In 2016, Forbes named the Pawtucket Red Sox as the 21st most valuable minor league baseball team. In 2018, they announced their intentions to move to Worcestor.
It was a tough blow for a city already down on its luck. The Memorial Hospital there closed in 2017, and rumors swirled of Hasbro moving its headquarters from the city.
But things are looking up in the city for once, with the announcement of a $400 million redevelopment plan in the downtown area that features a professional soccer stadium, an indoor sports complex, a hotel and office space.
“It will transform this area into a vibrant hub of activity like we haven’t seen in decades,” said governor Gina Raimondo at the announcement.
And the best part? It will pay for itself.
But is there really an interest in Rhode Island for soccer? Will this new stadium — poised to host a United Soccer League team — actually attract any fans?
It’s difficult to say. Soccer is experiencing a worldwide boom in popularity, and the USL is looking to expand, especially with the loss of the Ottawa Fury just last month. And given the popularity and decades of success that the PawSox experienced in the city, it’s clear that there is an appetite for sports.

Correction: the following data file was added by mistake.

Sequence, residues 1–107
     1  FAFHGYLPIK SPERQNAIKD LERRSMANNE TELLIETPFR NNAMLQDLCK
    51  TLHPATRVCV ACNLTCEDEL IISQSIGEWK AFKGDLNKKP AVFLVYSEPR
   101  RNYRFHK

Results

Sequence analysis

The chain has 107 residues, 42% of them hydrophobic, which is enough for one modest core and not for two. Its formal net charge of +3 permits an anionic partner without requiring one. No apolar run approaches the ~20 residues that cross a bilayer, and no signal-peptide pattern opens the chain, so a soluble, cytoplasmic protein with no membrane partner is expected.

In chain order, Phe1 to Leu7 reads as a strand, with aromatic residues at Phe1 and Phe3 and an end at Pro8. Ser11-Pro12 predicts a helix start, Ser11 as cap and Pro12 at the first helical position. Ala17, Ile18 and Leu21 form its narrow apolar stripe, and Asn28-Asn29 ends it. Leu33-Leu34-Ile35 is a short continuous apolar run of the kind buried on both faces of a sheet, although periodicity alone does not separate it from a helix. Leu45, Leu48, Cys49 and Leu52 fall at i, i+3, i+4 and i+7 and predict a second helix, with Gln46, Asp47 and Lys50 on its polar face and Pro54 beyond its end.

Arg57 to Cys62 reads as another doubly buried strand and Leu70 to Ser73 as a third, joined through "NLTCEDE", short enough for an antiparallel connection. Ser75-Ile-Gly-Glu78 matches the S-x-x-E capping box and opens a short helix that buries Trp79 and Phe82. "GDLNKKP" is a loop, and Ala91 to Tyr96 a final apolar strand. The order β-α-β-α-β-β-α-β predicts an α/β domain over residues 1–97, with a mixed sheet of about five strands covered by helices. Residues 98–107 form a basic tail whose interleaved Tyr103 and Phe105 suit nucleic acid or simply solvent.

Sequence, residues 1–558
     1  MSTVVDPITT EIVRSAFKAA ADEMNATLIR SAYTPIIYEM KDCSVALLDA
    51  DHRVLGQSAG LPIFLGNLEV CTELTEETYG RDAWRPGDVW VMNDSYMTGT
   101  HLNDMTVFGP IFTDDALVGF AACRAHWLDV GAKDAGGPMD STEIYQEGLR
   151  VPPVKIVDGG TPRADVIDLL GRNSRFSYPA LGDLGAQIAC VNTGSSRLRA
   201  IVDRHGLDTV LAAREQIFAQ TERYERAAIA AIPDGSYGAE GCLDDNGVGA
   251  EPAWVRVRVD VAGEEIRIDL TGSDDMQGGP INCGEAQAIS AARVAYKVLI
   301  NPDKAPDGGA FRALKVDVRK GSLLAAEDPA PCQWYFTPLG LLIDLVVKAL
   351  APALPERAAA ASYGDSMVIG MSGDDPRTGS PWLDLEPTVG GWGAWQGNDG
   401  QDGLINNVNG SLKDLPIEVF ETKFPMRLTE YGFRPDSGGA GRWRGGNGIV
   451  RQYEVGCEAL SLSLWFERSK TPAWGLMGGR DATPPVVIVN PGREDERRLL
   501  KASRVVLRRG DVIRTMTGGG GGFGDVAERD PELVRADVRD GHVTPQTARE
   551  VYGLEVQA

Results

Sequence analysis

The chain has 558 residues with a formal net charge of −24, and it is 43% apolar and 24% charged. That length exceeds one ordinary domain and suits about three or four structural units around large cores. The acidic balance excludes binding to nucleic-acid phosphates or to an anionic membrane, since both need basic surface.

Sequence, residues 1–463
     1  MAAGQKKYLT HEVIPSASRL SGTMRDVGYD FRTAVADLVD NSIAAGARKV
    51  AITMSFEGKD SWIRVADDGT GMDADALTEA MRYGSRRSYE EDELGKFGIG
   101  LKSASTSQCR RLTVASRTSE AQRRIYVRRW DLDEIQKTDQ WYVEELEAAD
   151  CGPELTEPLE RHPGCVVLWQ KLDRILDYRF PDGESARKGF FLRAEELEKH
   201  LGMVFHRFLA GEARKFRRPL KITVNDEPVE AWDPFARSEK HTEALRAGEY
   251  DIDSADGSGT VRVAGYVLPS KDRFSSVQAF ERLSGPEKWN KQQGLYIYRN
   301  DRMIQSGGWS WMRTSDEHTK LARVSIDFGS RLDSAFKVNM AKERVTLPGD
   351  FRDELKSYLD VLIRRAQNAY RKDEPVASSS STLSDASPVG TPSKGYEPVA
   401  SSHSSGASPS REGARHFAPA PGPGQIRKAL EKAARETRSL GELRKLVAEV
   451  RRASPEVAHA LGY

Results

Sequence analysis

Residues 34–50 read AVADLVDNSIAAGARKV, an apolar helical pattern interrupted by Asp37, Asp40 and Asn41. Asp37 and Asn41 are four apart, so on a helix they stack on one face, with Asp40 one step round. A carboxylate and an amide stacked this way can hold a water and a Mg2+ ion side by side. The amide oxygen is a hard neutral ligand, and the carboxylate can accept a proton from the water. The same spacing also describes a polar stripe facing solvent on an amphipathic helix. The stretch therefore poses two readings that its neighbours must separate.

However, it isn’t as sure a bet as the big four American sports — football, baseball, basketball and hockey. On top of that, it’s the largest development project in Pawtucket history, and the promise for it to pay for itself is optimistic at best.
For that reason, the project as a whole does not seem like a wise endeavour for Pawtucket. It’s enormous price tag and unrealistic expectations, like having it pay for itself, is dangerous. That’s not to say the abstract concept of the development is bad — it is simply the misguided planning that makes is a recipe for disaster.
However, the USL team will be successful. It is clear from decades of the PawSox that an undercard team can and will thrive in the city. The Pawtucket team’s monopoly on soccer in the state will also prove beneficial.
It may struggle to economically compete with the New England Revolution, in the more-competitive Major League Soccer, but will likely still draw a large following in Rhode Island.
Rhode Island is also a smaller market, which can foster more devout fans. While the Ottawa Fury is now defunct, the organization allowed fans to chat with players on the field after the game, forming a camaraderie and dedication that few other professional sport teams experience.
Another vote of confidence for Pawtucket’s future team is the expansion of soccer elsewhere in mid-sized cities. Louisville, Indianapolis, Oklahoma City, Buffalo and Queens are in the midst of efforts to build their own soccer stadiums.
While the project as a whole may have its flaws, there is reason for optimism in the case of the soccer team.
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